Nick Nick - 8 months ago 18
Linux Question

Run shell script exactly once with cronjob

I have a cron job that calls a script that checks for updates once every hour. If there are updates, it will call
, which in turn calls
. I would like each "new"
to be run exactly once.

I was thinking of writing to a file each time I run
with some unique ID of that file. Before running
, I check if the file contains the ID of
. If so, don't run it.

Edit - more detail:


  • fetch from git repo, pull and merge if any changes

  • Run


I want
to run just once, because next hour, the cron will run again, pull from git, and run
again. Is there some way for each unique
to run just once?

After writing that out, maybe the best way is just to only run
if there was a change from the git repo?

This seems like overkill and hard to maintain. Is there a simpler way to write a bash script that only runs one time?


At the start of the script do this:

if [ -f stampfile ]; then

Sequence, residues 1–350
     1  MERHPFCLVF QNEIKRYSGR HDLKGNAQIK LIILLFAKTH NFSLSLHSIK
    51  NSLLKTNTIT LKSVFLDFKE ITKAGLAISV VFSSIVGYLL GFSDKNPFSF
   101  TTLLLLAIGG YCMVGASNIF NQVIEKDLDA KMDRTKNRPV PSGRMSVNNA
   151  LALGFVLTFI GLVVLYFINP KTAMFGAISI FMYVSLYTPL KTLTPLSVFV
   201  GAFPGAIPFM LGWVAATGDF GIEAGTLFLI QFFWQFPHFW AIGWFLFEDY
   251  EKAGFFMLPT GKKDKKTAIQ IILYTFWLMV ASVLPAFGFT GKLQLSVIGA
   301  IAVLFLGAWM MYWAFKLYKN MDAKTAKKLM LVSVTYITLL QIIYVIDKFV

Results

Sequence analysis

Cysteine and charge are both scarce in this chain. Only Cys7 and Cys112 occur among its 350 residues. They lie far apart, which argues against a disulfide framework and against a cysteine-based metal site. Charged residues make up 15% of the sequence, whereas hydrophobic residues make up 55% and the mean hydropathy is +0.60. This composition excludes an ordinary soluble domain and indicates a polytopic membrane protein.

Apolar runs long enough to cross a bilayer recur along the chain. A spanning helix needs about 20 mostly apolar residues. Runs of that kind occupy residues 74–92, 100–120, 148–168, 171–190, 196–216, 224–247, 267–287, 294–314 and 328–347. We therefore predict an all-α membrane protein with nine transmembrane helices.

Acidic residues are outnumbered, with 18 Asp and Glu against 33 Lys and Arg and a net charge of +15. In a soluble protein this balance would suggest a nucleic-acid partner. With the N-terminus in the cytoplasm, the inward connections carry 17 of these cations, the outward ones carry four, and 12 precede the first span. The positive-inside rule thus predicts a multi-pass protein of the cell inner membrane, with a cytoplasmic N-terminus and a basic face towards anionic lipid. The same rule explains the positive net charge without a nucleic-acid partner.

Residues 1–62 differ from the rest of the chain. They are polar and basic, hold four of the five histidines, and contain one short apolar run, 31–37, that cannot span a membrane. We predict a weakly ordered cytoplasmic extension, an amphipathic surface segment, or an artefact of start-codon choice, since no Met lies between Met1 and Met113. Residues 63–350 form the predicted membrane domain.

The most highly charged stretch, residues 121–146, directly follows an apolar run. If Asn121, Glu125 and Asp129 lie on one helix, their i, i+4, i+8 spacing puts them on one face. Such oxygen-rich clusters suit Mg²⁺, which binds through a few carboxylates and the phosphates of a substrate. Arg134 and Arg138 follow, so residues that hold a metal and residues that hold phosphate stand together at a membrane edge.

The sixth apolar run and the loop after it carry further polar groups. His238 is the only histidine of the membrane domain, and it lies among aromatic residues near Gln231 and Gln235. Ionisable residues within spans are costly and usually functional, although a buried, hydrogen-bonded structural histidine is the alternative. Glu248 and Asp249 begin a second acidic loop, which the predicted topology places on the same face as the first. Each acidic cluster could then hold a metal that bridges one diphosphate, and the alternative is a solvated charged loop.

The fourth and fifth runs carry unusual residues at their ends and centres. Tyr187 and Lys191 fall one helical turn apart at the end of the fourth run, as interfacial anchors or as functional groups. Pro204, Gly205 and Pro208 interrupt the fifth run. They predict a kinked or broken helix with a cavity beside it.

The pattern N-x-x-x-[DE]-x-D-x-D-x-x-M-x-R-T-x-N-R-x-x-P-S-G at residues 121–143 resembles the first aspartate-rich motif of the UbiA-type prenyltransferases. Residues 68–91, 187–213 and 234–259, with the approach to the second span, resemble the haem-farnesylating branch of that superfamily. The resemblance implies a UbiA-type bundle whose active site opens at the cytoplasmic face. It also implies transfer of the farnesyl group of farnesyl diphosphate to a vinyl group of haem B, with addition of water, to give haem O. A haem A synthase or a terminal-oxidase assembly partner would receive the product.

touch stampfile

This checks for a file called stampfile (specify a path to anywhere convenient where this may be stored). If it's there, just exit. If it's not there create it with touch.

Then let the script do its thing.

A slight variation: This can also be used to avoid having two instances of a script running at the same time. The script would then rm -f stampfile at the end of its run.

In this case, if the script is killed, the stampfile will be "stale" (stamp present but script not alive). To detect a stale stampfile, put the PID of the script into it instead of touching it.

To check if there's another instance running, and managing the stampfile:

if [ -f stampfile ]; then
    if kill -0 $(<stampfile) 2>/dev/null; then
        rm -f stampfile    # stale
echo $$ >stampfile

# rest of script

rm -f stampfile